The township is donating tables and chairs from the community center at 5 Lobaugh Road.
Available to anyone who can use them are about 100 chairs, 16 round tables that are four feet in diameter and 11 tables that are 42 inches square. The tables do not fold.
The items may be viewed and picked up from 8 to 11 a.m. Tuesday. They must be taken immediately and moved out of the center.
Moon has revised its oil and gas ordinance to comply with state Act 13 and to allow Marcellus Shale drilling in more areas of the township.
Drilling will be permitted as a conditional use at the airport and in open space, mixed use, and research and technology zones. Drilling will not be permitted in residential or educational zones. The board had reviewed three variations of the ordinance prior to a unanimous vote Dec. 5 to approve the updated one.
• A history book is being compiled by Robert Morris University associate professor of history John Mc Carthy, Robert Morris students and the township's Historical Architectural Review Board, which is soliciting interviews with people who lived in the Mooncrest neighborhood in the 1940s and during World War II. They also are seeking photographs from that era. Photos must be submitted to the township before Jan. 8. Mr. McCarthy said the interviews will create an oral history archive of life in Mooncrest.
Robinson, Washington County
Supervisors voted 3-0 Monday to continue the public hearings on two applications for Marcellus Shale drilling until 7 p.m. Jan. 14 in the township building. Range Resources-Appalachia LLC of Cecil is applying to drill natural gas wells on two properties on Midway-Candor Road and Valleyview Road.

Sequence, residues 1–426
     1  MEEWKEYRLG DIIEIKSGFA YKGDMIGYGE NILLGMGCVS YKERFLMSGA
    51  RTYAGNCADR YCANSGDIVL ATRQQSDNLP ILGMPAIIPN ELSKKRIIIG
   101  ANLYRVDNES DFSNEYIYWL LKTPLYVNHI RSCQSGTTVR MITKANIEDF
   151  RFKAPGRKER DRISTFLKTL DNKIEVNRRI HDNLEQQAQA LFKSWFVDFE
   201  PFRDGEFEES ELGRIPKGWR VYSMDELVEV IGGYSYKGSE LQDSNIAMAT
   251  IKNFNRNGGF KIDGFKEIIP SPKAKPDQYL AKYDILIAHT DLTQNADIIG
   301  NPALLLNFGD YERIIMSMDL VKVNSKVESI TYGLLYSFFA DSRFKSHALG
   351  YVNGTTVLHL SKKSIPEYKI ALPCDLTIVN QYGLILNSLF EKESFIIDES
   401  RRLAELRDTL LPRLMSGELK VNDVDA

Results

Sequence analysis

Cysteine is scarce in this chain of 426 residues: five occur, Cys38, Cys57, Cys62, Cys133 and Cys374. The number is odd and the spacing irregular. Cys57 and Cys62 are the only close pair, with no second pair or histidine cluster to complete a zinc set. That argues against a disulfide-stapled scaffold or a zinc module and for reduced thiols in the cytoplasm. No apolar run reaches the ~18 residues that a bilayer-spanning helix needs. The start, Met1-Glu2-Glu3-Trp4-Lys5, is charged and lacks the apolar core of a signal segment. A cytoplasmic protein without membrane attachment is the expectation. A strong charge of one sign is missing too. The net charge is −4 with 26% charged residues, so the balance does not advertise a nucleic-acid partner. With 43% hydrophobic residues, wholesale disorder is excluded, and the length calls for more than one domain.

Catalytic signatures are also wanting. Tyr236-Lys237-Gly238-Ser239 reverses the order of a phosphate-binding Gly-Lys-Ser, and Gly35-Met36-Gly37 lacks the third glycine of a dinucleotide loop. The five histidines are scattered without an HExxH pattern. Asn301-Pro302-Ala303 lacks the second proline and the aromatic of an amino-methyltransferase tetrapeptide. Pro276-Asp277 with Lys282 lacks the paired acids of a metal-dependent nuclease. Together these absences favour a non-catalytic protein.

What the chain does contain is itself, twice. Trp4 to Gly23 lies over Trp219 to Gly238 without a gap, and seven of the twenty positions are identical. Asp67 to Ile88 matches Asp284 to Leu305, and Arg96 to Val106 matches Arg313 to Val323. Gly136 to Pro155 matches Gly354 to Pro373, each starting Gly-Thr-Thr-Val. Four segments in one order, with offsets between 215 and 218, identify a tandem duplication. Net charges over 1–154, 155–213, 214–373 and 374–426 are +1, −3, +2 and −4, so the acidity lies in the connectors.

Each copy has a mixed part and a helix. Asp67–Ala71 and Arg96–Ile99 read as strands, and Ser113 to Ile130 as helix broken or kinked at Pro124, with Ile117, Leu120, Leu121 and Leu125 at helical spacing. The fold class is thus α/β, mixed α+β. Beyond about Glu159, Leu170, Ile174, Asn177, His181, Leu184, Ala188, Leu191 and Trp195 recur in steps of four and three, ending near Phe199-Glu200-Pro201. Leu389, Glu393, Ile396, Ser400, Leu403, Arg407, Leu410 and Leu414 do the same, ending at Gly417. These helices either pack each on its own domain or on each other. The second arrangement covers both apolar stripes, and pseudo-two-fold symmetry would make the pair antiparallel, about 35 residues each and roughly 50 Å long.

• Supervisors on Monday approved a $530,900 budget for 2013 that holds the property tax rate at 15 mills, including 12 mills for the general fund and 3 mills for fire service.
In the hopes of getting a traffic signal at busy Kane Boulevard and hilly Bower Hill Road, Scott Commissioner David Calabria said Tuesday he will send the signal requirements to all three traffic consultants that have submitted bids for the proposal.
Although the consultants may have different views about solving the traffic issues at the site, Mr. Calabria, who was a traffic engineer with the state Department of Transportation for 33 years, said he will urge them to peruse a recent study by Mackin Engineering that confirmed a 2004 opinion by Trans Associates that a traffic signal is warranted.
The intersection near Our Lady of Grace Church and school is heavily traveled with the recent construction of the Jewish Community Center, the Kane Regional Center and Providence Point, a senior-citizen retirement community. Providence Point will contribute $100,000 toward the traffic light's installation.
About 30 single-family homes also are along the street, which has become a cut-through route for some motorists.
• Officials are still trying to figure out what altered the flow of mine water from Hope Hollow Road to Front Street.
"I fear we're flooding Glendale," Commissioner Bill Wells said.